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JAMES, i. 27.

"Pure religion and undefiled before God and the Father is this, to visit the fatherless and widows in their affliction, and to keep himself unspotted from the


NOTHING can be more useful than summary views of our duty, if they be well drawn, and rightly understood. It is a great advantage to have our business laid before us altogether; to see at one comprehensive glance, as it were, what we are to do, and what we are not to do. It would be a great ease and satisfaction to both, if it were possible, for a master to give his servant directions for his conduct in a single sentence, which he, the servant had only to apply and draw out into practice, as occasions offered themselves, in order to discharge every thing which was required or expected from him. This, which is not practicable in civil life, is in a good degree so in a religious life; because a religious life proceeds more upon principle, leaving the exercise and manifestation of that principle more to the judg ment of the individual, than it can be left where, from

the nature of the case, one man is to act precisely according to another man's direction.

But then, as I have said, it is essentially necessary, that these summaries be well drawn up, and rightly understood; because if they profess to state the whole of men's duties, yet, in fact, state it partially and imperfectly, all, who read them, are misled, and dangerously misled. In religion, as in other things, we are too apt of ourselves to substitute a part for the whole. Substituting a part for the whole is the grand tendency of human corruption in matters both of morality and religion: which propensity, therefore, will be encouraged, when that, which professes to exhibit the whole of religion, does not, in truth, exhibit the whole. What is there omitted, we shall omit, glad of the occasion and excuse:, what is not set down as our duty, we shall not think ourselves obliged to perform, not caring to increase the weight of our own burthen. This is the case whenever we use summaries of religion, which, in truth, are imperfect or ill drawn. But there is another case more common, and productive of the same effect, and that is, when we misconstrue these summary accounts of our duty; principally when we conceive of them as intending to express more than they were really intended to express: for then it comes to pass, that, although they be right and perfect, as to what they were intended for, yet they are wrong and imperfect, as to what we construe and conceive them for. This observation is particularly applicable to the text. St. James is here describing religion, not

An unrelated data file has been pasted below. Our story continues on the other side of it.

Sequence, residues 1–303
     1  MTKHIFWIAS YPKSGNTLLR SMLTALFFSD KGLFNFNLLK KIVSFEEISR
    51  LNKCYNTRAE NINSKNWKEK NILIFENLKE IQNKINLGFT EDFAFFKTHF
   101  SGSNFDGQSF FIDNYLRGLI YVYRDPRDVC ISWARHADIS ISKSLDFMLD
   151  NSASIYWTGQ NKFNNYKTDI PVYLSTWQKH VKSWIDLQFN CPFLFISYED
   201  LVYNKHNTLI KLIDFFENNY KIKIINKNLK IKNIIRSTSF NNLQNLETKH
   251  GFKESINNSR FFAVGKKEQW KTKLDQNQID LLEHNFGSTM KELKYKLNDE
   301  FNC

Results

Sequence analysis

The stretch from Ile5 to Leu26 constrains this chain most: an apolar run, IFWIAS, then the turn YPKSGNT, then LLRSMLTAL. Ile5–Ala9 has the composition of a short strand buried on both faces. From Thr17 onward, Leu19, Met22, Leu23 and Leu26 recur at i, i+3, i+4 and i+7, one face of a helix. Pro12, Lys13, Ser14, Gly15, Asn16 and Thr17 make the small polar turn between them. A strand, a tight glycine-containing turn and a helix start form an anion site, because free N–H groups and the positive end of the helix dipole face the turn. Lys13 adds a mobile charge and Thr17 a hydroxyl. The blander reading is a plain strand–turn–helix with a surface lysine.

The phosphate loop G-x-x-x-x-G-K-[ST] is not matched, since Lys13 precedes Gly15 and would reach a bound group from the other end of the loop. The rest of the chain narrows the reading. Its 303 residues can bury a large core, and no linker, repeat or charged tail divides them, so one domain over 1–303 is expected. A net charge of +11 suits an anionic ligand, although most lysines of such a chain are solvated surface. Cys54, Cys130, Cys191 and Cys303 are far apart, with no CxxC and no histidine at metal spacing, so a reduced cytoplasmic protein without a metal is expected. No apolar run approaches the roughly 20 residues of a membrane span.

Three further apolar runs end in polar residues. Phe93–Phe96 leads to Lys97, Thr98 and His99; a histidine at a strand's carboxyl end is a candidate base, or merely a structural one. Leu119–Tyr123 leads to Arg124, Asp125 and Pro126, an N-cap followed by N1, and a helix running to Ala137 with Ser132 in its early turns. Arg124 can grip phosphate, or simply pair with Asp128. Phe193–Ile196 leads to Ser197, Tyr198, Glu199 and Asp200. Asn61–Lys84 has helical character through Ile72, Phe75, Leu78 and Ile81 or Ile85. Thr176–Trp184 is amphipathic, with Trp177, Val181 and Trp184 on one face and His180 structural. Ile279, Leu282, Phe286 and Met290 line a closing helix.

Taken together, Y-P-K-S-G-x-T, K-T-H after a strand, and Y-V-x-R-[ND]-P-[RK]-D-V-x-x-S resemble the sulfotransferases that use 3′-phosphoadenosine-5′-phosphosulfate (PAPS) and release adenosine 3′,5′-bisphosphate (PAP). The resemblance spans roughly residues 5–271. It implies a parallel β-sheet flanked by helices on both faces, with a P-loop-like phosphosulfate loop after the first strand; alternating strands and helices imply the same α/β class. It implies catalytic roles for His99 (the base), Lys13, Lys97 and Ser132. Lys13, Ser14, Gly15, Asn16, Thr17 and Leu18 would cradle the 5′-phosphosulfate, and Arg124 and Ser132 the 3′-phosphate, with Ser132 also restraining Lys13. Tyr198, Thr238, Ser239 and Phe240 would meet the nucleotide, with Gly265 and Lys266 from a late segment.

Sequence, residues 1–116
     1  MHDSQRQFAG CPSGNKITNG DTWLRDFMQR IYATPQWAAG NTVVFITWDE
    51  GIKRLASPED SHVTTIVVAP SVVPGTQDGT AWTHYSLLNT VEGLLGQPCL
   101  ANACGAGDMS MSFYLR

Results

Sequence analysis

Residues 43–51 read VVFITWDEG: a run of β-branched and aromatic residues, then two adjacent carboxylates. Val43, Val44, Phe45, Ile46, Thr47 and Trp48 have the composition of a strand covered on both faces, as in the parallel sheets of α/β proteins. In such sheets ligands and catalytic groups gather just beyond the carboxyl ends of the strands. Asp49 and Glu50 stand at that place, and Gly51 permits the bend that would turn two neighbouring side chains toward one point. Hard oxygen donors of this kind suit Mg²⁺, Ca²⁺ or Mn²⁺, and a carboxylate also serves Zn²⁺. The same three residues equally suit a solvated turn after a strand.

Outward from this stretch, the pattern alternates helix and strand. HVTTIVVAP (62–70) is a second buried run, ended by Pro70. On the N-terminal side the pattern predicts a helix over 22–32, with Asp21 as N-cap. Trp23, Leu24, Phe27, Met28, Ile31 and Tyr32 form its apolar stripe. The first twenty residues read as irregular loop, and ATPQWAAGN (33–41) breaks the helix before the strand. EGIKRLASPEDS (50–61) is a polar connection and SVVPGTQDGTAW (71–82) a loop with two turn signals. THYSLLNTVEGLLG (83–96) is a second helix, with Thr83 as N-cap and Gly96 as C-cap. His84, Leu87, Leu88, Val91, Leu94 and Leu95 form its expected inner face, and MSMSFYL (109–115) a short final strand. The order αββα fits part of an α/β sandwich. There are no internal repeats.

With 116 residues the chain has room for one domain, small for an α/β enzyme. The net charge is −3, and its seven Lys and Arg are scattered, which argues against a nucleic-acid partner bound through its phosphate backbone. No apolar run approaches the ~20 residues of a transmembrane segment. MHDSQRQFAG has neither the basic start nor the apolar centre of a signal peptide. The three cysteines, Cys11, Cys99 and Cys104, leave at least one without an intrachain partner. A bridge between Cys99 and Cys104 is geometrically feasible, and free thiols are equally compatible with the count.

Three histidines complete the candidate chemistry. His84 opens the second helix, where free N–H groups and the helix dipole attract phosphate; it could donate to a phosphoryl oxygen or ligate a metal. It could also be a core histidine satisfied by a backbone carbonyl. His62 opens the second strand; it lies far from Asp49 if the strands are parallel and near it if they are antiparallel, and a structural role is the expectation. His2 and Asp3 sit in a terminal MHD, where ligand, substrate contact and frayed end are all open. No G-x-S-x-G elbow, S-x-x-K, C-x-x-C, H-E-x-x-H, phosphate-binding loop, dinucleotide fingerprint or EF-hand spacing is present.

in its principle, but in its effects; and these effects are truly and justly and fully displayed. They are by the apostle made to consist in two large articles, in succouring the distress of others, and maintaining our own innocency: and these two articles do comprehend the whole of the effects of true religion: which were exactly what the apostle meant to describe. Had St. James intended to have set forth the motives and principles of religion, as they ought to subsist in the heart of a christian, I doubt not but he would have mentioned love to God, and faith in Jesus Christ; for from these must spring every thing good and acceptable in our actions. In natural objects it is one thing to describe the root of a plant, and another its fruits and flowers; and if we think a writer is describing the roots and fibres, when, in truth, he is describing the fruit or flowers, we shall mistake his meaning, and our mistake must produce great confusion. So in spiritual affairs, it is one thing to set before us the principle of religion, and another the effects of it. These are not to be confounded. And if we apply a description to one, which was intended for the other, we deal unfairly by the writer of the description, and erroneously by ourselves. Therefore, first, let no one suppose the love of God, the thinking of him, the being grateful to him, the fearing to disobey him, noț to be necessary parts of true religion, because they are not mentioned in St. James's account of true religion. The answer is, that these compose the principles of true religion; St. James's account relates to the effects. In like manner concerning faith in Jesus Christ. St.